What is assertiveness? Assertiveness is a confident and forceful behavior.
“she has difficulty standing up for herself, even when assertiveness may be warranted”
If you are joining a new organization or stepping into a new role at work, you will need to have the skill of assertiveness. Being assertive means being able to stand up for your own or other people’s rights in a calm and positive way, without being either aggressive, or passively accepting ‘wrong’.
Assertiveness is a skill regularly referred to in social and communication skills training.
Assertive individuals are able to get their point across without upsetting others, or becoming upset themselves.
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What is holding you back? Don’t let self-doubt stop you from being assertive.
Dont’ over-analyze. Stop yourself over-analyzing by complimenting an aspect of your personality. There’s always something good about what you’re doing or saying.
Learn to love mistakes. Accept that things may go wrong sometimes. Recognize failure as a positive thing Learn from your mistakes and keep trying until you succeed.
Believe in yourself. Recognize your own abilities and have firm self-belief. You will then be a in the driving seat and be able to control the perception people form of you.
Follow these three simple steps to being assertive. Subtle changes make a big difference.
Step 1. Know how to naturally come across to your colleagues.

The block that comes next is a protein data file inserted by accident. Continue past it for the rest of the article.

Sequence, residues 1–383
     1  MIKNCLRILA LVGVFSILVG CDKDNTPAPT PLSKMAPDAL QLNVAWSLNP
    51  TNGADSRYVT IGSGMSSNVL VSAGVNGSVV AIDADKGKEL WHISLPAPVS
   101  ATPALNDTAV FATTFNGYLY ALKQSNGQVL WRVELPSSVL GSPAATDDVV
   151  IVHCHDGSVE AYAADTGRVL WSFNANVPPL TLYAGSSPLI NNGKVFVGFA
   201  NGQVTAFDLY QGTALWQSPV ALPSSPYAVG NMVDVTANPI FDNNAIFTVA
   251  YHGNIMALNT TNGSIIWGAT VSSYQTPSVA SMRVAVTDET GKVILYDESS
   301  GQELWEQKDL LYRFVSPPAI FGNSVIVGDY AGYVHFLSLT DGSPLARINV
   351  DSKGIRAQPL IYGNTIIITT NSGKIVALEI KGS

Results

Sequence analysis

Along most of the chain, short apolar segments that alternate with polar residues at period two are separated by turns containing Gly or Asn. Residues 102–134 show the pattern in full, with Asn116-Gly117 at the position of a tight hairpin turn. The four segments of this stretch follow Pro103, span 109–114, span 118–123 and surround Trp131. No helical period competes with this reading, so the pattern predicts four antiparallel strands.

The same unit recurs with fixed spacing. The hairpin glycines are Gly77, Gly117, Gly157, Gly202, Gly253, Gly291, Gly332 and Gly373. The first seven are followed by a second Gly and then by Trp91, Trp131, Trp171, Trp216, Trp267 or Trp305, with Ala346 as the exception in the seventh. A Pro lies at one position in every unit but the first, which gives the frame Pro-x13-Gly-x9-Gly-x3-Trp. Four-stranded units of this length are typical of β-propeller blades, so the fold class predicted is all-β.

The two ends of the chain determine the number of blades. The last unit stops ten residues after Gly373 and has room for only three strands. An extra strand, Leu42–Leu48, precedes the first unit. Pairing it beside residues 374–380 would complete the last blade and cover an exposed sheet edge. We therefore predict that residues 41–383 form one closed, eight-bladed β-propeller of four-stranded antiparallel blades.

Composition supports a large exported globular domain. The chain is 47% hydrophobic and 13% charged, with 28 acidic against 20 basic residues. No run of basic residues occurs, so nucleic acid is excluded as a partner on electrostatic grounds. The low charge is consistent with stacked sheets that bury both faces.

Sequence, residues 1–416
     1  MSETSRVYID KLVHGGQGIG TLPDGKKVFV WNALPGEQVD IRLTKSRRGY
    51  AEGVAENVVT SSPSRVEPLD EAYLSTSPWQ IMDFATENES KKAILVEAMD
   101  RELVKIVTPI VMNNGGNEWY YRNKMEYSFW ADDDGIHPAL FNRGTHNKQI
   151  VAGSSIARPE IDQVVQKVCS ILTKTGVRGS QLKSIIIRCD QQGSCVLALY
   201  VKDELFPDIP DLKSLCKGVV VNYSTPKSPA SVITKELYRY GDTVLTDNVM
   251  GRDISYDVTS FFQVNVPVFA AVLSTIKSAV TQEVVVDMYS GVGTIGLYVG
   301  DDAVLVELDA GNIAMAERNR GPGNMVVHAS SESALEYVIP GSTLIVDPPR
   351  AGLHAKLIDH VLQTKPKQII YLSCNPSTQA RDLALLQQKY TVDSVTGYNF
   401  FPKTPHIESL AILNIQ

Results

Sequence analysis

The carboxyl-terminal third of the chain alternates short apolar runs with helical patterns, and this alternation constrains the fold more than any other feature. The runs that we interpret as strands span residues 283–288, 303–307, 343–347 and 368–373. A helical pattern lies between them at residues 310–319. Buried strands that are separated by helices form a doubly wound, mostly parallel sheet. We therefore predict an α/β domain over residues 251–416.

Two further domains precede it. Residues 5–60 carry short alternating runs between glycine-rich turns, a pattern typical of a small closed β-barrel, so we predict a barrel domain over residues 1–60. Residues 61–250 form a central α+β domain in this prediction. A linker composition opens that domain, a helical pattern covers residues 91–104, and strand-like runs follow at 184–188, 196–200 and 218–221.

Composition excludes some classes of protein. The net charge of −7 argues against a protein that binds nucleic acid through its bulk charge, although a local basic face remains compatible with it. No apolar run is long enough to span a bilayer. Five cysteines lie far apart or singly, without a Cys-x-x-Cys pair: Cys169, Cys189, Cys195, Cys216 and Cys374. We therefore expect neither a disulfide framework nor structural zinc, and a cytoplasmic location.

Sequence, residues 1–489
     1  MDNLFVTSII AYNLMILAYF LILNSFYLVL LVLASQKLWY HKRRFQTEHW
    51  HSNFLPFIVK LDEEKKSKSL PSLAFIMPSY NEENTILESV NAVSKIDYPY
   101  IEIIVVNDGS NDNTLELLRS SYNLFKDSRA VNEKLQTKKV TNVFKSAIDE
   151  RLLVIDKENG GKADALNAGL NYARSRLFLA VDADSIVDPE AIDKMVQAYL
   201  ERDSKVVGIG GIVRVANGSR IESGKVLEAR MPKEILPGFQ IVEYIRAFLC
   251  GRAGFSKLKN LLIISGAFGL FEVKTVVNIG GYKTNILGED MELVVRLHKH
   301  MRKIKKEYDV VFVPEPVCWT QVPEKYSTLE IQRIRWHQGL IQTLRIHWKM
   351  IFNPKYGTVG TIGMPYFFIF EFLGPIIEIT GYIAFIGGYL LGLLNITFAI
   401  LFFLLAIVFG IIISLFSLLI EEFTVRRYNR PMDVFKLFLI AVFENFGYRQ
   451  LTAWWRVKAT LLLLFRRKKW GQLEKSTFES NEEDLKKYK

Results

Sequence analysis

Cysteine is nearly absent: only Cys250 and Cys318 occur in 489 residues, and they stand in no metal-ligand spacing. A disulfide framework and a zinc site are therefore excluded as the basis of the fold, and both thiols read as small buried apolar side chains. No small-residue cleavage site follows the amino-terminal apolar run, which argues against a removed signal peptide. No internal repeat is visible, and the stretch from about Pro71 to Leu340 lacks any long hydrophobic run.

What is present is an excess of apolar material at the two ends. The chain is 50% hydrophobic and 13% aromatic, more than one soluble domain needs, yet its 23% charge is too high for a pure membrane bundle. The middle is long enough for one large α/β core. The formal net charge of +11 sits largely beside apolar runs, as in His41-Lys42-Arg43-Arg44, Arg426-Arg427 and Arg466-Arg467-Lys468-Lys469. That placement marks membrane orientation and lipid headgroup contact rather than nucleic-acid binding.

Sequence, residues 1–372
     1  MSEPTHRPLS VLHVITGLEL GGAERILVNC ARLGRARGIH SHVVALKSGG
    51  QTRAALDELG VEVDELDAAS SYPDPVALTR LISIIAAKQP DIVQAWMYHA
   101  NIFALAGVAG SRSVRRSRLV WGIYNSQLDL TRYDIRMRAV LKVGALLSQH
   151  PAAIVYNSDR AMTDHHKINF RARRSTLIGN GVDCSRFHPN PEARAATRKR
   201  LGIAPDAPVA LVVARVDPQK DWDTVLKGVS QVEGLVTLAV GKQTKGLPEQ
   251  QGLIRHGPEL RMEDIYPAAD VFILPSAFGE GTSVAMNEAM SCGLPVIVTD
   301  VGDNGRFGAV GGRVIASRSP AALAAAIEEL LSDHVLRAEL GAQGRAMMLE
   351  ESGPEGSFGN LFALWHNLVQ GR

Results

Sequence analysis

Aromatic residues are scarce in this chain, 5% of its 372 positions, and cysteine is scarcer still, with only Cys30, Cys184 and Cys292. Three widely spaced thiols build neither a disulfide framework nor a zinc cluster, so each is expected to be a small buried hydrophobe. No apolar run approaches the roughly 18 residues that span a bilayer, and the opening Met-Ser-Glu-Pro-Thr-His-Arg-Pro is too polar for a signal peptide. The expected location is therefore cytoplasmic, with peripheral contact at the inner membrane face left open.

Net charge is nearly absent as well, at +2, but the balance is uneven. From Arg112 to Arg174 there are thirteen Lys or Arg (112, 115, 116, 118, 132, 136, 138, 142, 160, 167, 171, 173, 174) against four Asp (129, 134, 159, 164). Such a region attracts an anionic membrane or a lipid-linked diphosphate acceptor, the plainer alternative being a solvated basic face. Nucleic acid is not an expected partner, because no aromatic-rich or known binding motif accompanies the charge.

If you don’t know your natural way of communicating, you may well find it difficult to be a assertive, particularly when you’re dealing with someone who communicates in a different way than you.
Without even knowing it, you could
- Make a colleague feel uncomfortable
- Seem boring or disinterested
- Look shy or apologetic
- Come across as rude
Know your natural communication style and make sure negative perceptions don’t arise.
Step 2. Adapt your communication style to suit the other person.
Assertive people can influence others around them. They do this by communicating in a way that suits the other person. This may not necessarily be their natural way of communicating.
Adapting your style is not giving in. It’s being clever.
By adapting and mirroring you can:
- Gain control of a conversation.
- Influence a situation.
- Don’t distract people.
- Be listened to.
Watch: Be observant when you’re talking.
Analyse: Identify the other person’s style.
Practice: Adapt and mirror their style.
Step 3: Use your body language to reinforce your message.
Make bold eye contact. Try to look colleagues in the eye while they’re talking but while you’re speaking, it’s natural to look away on occasion.
Use your hands. Let your hands move as you talk. Confident people often look relaxed because their hands move naturally and in a coordinated way with their voice.
- Show open, empty hands. This is a universal gesture of friendliness.
- Match your gestures to the venue. If it’s a big room, you may need to slightly exaggerate the gesture so people sitting far away can pick up on it.
- Very the gestures you use. This keeps it fresh and organic.
- Wave your hands above shoulder height. This will make you appear uncomposed.
- Hold your hands behind your back. The audience might perceive it as being aggressive.
- Put your hands in your pockets and it can be perceived as disrespectful.
Smile. By smiling you exude warmth and positivity. You get the same benefits using a fake smile as a real one.
Eliminate any distracting habits and use your facial expressions, hands and posture to be assertive.
Develop these skills and your confidence will steadily grow.
You will begin to see the impact this has on the way you communicate and on your ability to be assertive at work. People will notice you, listen to you, and respect your opinion. You will begin influencing others around you.
Question: Has there ever been a time that wish you had been more assertive? If you had a second chance, would you be more assertive? Please leave your comment below.